The 50 Best Albums of 2022 So Far

The 50 best albums of 2022 offer sublime music as major artists return with new albums and brilliant new sounds bubble up from the underground and worldwide.

Joywave – Cleanse [Hollywood]

Joywave Cleanse

Joywave have long been able to dial-up previous pop eras at the touch of a button. With Cleanse, though, they rise above the mechanical mimicry that’s stifled them in the past. This time, Joywave synthesize a slew of dance-pop touchstones—from classic Tears for Fears to LCD Soundsystem and beyond—into a fresh sound that brims with life. Meanwhile, highly organic-sounding beats from drummer Paul Brenner crackle within an otherwise digitized rush of sounds, infusing the music with some space to breathe. And strangely enough, by broadening his perspective, Armbruster speaks to individual experience with more acuity than ever. Joywave have clearly been changed by what we’ve all lived through. They’ve also emerged with their most moving work yet. – Saby Reyes-Kulkarni


Rokia Koné and Jacknife Lee – Bamanan [Real World]

Bamanan

Within her home country of Mali, Rokia Koné is nicknamed “The Rose of Bamako”, a name that fits the beautiful intensity of her voice. Internationally, she’s best known for her work with supergroup Les Amazones d’Afrique, one of the few members present on both of the ensemble’s albums so far and a standout performer, leading tracks like “Queens” and “Mansa Soyari” with aplomb. Now, she ventures into the solo world with Bamanan, collaborating with Jacknife Lee. Lee’s production work has included some of the most critically acclaimed albums of famed acts like U2, R.E.M., and Taylor Swift. Now, he gives Koné the royal treatment, framing her agile voice within a dynamic soundscape of guitars, synths, and drums that offer her the space she deserves. – Adriane Pontecorvo


Kendrick Lamar – Mr. Morale & The Big Steppers [Top Dawg Entertainment]

Mr Morale and The Big Steppers

Kendrick Lamar is not perfect. He’s not a monster either. But the clear takeaway from Mr. Morale & The Big Steppers is that he’s no longer entertaining the ridiculous idea that you might regard him – or Oprah, or Kobe, or Kanye, or even R. Kelly – in black and white terms. The record’s final track, and what might be his last one for a while, revolves around choice words: “I choose me, I’m sorry.” It’s directed to us: every fan, every enemy, every listener, every critic, every influencer, and person with their own idea of what Kendrick Lamar as a public person means to them. When the track closes abruptly, we’re left with an empty pedestal and the notion that if Lamar believes he’s good enough for himself, so should we feel for ourselves: each of us, like the album, is perfect in our imperfection. – Rob Moura


Miranda Lambert – Palomino [Vanner / RCA Nashville]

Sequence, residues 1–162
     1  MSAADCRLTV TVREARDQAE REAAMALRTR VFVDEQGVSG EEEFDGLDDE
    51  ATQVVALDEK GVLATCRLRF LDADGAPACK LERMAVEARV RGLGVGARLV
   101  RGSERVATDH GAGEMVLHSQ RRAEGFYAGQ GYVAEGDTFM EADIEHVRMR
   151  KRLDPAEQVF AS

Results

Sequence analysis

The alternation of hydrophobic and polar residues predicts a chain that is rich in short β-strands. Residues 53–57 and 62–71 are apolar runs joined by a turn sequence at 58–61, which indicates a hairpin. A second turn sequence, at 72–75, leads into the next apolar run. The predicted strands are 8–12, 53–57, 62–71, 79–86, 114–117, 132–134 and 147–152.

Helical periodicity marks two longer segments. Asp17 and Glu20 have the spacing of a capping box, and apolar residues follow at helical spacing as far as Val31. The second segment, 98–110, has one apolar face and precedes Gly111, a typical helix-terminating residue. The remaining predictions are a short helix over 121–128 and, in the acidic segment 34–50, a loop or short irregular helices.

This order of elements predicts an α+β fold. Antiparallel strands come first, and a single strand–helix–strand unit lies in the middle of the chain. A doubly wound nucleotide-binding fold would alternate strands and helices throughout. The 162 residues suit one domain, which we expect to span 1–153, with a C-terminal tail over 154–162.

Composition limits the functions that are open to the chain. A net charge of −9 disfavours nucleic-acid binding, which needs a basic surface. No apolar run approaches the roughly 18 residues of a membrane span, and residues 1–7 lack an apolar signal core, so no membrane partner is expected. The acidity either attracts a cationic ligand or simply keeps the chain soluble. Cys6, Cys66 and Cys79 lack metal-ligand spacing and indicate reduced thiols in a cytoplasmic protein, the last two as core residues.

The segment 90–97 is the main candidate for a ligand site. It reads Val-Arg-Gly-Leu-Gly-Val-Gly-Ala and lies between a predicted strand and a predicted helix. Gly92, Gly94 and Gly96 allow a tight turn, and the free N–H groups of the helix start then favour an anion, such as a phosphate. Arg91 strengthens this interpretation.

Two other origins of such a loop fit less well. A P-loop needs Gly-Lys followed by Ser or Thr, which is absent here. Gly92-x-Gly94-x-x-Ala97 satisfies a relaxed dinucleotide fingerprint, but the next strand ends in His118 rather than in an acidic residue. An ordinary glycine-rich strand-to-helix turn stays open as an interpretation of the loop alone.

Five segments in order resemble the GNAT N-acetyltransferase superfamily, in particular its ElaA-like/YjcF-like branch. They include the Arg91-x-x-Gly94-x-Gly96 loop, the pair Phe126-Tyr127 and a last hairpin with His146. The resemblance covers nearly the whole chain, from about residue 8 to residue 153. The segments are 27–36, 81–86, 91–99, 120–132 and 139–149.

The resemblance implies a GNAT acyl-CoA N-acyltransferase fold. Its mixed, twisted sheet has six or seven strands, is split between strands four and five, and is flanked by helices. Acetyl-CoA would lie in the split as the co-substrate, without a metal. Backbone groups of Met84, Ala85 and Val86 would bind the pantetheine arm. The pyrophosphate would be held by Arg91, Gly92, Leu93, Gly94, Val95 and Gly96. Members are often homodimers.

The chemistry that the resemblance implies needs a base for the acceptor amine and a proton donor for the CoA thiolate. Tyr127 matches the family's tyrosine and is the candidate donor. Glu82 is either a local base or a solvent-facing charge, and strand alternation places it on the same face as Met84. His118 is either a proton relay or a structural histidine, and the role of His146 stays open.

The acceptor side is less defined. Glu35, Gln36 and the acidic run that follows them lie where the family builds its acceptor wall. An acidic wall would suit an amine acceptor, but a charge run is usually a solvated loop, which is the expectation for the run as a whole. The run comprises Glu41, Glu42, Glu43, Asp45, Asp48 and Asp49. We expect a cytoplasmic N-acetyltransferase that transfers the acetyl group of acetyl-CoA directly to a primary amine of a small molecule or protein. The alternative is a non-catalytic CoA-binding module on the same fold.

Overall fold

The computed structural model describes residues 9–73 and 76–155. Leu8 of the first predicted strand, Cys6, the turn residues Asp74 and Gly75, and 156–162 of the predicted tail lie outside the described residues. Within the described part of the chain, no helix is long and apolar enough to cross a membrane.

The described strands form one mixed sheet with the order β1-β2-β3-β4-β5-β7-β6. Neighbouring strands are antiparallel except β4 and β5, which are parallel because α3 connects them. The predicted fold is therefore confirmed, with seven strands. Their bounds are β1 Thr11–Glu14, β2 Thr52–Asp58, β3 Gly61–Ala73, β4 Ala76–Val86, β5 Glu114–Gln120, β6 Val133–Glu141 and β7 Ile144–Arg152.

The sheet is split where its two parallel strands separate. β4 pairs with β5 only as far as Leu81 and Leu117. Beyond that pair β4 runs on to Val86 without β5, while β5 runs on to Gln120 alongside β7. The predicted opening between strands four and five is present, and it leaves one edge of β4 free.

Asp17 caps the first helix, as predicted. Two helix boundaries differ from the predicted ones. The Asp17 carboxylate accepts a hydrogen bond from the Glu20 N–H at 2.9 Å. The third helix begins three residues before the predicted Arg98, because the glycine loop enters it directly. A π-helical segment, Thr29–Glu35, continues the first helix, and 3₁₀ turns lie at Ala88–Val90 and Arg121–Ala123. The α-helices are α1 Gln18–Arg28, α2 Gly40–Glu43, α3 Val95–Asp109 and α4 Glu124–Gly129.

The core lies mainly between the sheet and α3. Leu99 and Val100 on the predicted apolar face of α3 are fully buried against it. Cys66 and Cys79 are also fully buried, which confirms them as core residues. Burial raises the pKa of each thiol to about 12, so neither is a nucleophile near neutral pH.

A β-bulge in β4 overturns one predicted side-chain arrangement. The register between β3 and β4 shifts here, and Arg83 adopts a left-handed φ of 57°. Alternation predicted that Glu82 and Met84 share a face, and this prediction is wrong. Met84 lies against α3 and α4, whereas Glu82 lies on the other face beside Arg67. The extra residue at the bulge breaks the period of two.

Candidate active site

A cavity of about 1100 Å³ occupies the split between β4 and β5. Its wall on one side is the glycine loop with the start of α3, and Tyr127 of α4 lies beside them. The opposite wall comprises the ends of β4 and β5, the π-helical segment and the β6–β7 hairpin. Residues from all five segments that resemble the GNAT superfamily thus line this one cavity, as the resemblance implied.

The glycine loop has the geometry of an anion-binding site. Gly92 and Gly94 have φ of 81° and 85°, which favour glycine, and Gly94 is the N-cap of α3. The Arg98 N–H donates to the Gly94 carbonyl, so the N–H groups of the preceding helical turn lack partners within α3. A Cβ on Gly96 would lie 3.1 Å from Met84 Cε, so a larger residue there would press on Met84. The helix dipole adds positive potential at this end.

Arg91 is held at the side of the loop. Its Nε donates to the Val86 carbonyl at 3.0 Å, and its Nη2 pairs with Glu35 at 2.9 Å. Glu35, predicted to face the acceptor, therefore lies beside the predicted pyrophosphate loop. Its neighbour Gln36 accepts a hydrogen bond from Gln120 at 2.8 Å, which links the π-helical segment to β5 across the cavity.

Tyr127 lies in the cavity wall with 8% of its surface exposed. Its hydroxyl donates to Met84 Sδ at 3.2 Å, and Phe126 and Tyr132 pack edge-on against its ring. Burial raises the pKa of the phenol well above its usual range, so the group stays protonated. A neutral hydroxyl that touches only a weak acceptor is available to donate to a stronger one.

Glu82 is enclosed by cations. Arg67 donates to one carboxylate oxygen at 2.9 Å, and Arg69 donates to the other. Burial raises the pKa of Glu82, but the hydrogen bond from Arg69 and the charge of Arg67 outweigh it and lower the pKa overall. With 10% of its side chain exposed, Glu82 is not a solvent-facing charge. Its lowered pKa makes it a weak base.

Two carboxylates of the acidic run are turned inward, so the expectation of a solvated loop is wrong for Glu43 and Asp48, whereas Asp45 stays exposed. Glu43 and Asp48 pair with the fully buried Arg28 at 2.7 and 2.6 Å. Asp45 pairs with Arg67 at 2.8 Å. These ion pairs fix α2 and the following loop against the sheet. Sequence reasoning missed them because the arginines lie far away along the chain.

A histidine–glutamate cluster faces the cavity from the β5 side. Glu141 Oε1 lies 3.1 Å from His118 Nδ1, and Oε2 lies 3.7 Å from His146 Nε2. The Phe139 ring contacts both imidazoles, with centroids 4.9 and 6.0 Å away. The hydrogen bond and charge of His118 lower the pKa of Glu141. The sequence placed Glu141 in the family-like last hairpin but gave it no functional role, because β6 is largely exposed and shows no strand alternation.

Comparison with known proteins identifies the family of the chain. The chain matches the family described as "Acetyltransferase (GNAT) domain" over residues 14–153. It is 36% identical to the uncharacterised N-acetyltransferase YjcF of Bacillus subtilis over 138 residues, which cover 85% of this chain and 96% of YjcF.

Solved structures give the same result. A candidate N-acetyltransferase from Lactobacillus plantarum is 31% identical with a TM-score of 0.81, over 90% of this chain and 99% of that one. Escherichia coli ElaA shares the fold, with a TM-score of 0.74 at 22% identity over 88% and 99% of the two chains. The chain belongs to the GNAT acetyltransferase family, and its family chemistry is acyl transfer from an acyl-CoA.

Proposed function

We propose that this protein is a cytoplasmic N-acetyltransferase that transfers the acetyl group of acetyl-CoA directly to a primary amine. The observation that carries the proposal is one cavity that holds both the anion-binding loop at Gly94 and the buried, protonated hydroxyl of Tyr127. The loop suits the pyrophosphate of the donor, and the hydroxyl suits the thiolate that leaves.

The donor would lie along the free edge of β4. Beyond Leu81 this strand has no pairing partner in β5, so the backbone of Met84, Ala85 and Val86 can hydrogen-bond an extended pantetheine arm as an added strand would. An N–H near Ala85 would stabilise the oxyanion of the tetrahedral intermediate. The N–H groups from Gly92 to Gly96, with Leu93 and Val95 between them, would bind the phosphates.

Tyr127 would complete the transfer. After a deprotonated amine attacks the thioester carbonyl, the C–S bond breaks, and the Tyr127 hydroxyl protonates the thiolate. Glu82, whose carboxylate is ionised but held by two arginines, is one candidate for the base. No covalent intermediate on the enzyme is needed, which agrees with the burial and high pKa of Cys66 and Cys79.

Miranda Lambert Palomino

Country music superstar Miranda Lambert’s latest album, Palomino, is a damn fine record. The singer-songwriter offers 15 tales of love and the American Dream in a robust, declarative yet tender voice. Life is a carnival, Lambert suggests. Her narrators may be chasing a gold ring but not a wedding band in their search for happiness. They want something more out of life, even if they don’t know what it is, and they are usually anxious to move on in search.

Lambert frequently sings in the first person, so we identify her with these restless women. That makes for deliciously gossipy fun reading between the lines about her marriage and divorce. It doesn’t matter if Lambert is truthful or therapeutic in her songs. Her ability to express her feelings as if they convey some profound truth counts more. “Times like these make me feel strange,” Lambert sings, and who doesn’t and hasn’t felt weird the last few years. By conveying this in the first person, we all become the “I” of the songs. The point is we are all in this together, alone. – Steve Horowitz


Leyla McCalla – Breaking the Thermometer [ANTI-]

Breaking the Thermometer

Leyla McCalla’s Breaking the Thermometer embraces the beauty and complexity of the Haitian—and Haitian-American—cultural and political landscape. Here the interweaving of archival recordings, contemporary interviews, and new and traditional music flesh out the nuance and ambiguity of a people and land while emphasizing the radicality of voice and rhythm in the service of freedom of expression. She uses the music and archival recordings throughout the album to illuminate the interplay between revolutionary spirit and repressive authoritarianism. This interplay is multi-dimensional and addresses multiple expressions: western colonialism and the slave trade, brutal internal dictatorships propped up by outside interests, and the repression of identity and free expression in resistance to pluralistic cultures. – Rick Quinn